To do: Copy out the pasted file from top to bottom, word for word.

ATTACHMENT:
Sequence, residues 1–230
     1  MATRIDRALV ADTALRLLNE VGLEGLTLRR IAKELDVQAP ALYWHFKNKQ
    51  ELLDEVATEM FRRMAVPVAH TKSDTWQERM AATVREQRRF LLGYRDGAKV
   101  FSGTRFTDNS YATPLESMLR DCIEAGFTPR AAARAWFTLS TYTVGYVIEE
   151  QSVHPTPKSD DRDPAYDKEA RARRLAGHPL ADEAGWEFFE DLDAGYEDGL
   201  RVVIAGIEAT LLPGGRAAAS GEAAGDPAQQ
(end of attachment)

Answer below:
Sequence, residues 1–230
     1  MATRIDRALV ADTALRLLNE VGLEGLTLRR IAKELDVQAP ALYWHFKNKQ
    51  ELLDEVATEM FRRMAVPVAH TKSDTWQERM AATVREQRRF LLGYRDGAKV
   101  FSGTRFTDNS YATPLESMLR DCIEAGFTPR AAARAWFTLS TYTVGYVIEE
   151  QSVHPTPKSD DRDPAYDKEA RARRLAGHPL ADEAGWEFFE DLDAGYEDGL
   201  RVVIAGIEAT LLPGGRAAAS GEAAGDPAQQ